Breaking Down the Game: A Training Suggestion for Aspiring Players

Discussion in 'Dead or Alive 5 Ultimate System Discussion' started by Game Over, Jun 2, 2010.

  1. Game Over

    Game Over Well-Known Member

    Breaking Down the Game
    A Training Suggestion for Aspiring Players








    Our game, DOA4, has been out for quite a while now. Yet, as I look around, player knowledge and skill level in the game seems to be on a very uneven curve. There are a small percentage of players who stand out far from the bunch, but the rest of players seem to either

    A) Be going about development the wrong way
    B) Not put enough effort into developing
    C) Not care
    D) Be struggling on finding ways to develop

    I can't help the "B" and "C" crowd, but I can try to contribute something to aid the "A" and "D" crowd. In this post, I will provide a basic rundown of a training method I feel will work well for an aspiring player to adopt. This is also a training method that I am personally putting to use in my own time.

    Breaking down the game, IMO, is very much similar to learning a craft or mastering a hobby or acquiring a new skill, etc. It's about learning how things work, where things branch out, how components interact, etc. In the case of DOA4, there is

    Learning the Components of the Game
    Learning Fundamental Offensive and Defensive Skills
    Learning a Character's MoveList
    Learning the Properties of a Character's MoveList
    Learning the Strengths and Weaknesses of a Character
    Learning Ideal Strategies for a Character
    Learning How a Character Matches Up Against Other Characters
    Learning Other Characters
    Learning How to Read Your Opponent
    Learning How to Read Yourself


    I will cover each of these subjects, starting with


    Learning the Components of the Game

    RULE #1: Start from scratch.

    The basic components of DOA4 are attacks, holds, and throws. In the game, attacks beat throws, throws beat holds, holds beat attacks. This simple structure is referred to as the triangle system.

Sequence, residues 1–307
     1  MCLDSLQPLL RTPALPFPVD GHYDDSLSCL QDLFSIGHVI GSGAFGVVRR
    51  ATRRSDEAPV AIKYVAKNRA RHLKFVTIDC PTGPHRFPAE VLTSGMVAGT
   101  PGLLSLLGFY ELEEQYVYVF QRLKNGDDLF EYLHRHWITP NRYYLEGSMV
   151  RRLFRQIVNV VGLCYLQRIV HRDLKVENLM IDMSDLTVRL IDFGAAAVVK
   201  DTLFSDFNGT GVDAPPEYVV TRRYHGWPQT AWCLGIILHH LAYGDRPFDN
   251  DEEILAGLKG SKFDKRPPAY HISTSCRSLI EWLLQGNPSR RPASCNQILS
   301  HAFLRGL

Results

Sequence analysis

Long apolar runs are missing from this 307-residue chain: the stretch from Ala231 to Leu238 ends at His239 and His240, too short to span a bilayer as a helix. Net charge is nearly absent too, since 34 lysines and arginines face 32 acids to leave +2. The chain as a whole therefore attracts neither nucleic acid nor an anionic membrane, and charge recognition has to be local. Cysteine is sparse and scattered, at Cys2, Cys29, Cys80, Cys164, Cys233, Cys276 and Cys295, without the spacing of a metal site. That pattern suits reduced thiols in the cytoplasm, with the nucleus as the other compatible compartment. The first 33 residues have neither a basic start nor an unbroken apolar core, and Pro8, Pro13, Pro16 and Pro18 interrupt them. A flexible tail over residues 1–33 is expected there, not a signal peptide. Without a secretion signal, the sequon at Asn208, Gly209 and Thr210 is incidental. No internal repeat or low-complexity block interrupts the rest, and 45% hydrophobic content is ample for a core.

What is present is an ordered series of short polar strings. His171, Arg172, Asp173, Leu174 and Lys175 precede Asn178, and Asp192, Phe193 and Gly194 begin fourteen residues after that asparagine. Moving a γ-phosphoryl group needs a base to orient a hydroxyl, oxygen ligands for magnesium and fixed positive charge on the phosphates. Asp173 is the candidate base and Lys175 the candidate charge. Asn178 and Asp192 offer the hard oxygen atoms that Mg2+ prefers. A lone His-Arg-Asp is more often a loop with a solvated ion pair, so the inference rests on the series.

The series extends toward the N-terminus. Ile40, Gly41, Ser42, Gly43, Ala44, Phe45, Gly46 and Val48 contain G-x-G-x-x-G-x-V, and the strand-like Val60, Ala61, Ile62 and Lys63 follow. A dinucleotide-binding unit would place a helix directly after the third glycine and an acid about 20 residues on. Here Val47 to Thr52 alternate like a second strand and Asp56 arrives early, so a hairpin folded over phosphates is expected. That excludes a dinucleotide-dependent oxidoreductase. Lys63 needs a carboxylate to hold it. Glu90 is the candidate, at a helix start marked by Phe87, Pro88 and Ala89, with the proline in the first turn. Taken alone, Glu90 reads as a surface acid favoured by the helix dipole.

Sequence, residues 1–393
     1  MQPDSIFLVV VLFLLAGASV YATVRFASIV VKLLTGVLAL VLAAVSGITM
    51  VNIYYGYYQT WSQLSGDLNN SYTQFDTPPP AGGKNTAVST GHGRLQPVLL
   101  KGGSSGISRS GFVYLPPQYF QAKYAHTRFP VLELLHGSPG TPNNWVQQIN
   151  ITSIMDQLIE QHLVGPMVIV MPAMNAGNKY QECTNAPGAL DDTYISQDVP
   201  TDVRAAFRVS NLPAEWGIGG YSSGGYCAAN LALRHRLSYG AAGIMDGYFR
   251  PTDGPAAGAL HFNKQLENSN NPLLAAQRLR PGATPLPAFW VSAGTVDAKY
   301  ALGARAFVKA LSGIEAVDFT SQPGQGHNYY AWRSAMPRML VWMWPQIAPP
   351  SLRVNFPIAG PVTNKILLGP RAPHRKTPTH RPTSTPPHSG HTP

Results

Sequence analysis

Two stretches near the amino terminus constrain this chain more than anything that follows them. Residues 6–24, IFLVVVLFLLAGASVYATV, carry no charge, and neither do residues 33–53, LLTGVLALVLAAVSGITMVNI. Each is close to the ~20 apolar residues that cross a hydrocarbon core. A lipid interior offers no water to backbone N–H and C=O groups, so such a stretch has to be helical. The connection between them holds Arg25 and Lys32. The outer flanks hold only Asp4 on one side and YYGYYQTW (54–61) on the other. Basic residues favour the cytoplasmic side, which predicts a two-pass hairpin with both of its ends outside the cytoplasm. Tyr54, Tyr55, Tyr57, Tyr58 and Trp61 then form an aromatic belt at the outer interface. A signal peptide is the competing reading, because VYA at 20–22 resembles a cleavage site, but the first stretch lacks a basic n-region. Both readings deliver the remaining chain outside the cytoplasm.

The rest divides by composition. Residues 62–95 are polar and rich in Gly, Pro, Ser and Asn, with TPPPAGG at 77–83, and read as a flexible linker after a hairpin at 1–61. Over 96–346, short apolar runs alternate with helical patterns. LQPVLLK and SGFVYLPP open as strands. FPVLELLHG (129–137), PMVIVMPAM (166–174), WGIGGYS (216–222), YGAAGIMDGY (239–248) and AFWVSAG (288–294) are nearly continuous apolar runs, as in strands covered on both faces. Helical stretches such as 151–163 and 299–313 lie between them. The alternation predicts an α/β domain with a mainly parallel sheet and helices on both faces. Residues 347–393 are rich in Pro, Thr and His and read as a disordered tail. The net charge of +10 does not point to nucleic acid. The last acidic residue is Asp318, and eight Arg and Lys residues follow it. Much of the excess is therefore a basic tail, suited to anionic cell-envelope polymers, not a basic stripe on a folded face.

Attacks

    • Attacks come in various forms of punches, kicks, knees, shoulder strikes, body strikes, headbutts, etc., according to the character being used. When an attack successfully hits the opponent, the attack will cause damage, and may also connect with STUN, LAUNCH, or KNOCKDOWN properties.
    • STUN attacks inflict a stun status on the opponent, usually granting the player various amounts of frame advantage. Depending on the amount of frame advantage, the player can followup with an attack to extend the stun, an attack to launch the opponent, an attack to knockdown the opponent, or simply use the frame advantage to restrike the opponent before he/she can strike the player. Note that many stuns can SLOW-ESCAPED, speeding up the opponent's recovery from the stun.
    • LAUNCH attacks are powerful moves which send the opponent into the air for a followup juggle, air-throw, untechable, wall-hit, etc. Some attacks will launch on normal hit, all will launch on counter hit and hi-counter hit, and will launch while the opponent is in a stun status. The opponent can do nothing while launched in the air.
    • KNOCKDOWN attacks are moves that knock the opponent to the ground. On normal hit, counter hit, hi-counter hit, and during stun, the opponent will be knocked to the ground with a successful knockdown hit. Many knockdown attacks also have KNOCKBACK properties that send the opponent flying away from the player and into a wall if a wall is within range.

    Holds

    • Holds, simply, are moves designed to reverse an opponent's attack. There are holds for all 3 HIT LEVELS in the game, high, mid, and low, and mid holds are split for mid punches and mid kicks. Holds cause various amount of damage to the opponent, will sometimes have LAUNCH properties, and will occasionally grant frame advantage.
    • Some characters also have parries or advanced holds that will grant frame advantage and/or deal slight or heavy damage to opponent.

    Throws

    • Throws, simply, are moves designed to grab the opponent and cause damage when the opponent is not attacking. Throws can go through the opponent's blocks and the opponent's holds. There are throws for standing or ducking opponents. Some throws, referred to as Offensive Holds (OHs), have the special property of being able to grab the opponent while he/she is attacking.


    Learning Fundamental Offensive and Defensive Skills

    RULE #2: Learn fundamentals or be beaten by fundamentals.

    Fundamental Offense

    Fundamental offense comprises offensive elements that are universal to mostly every character. This are things everyone should practice executing.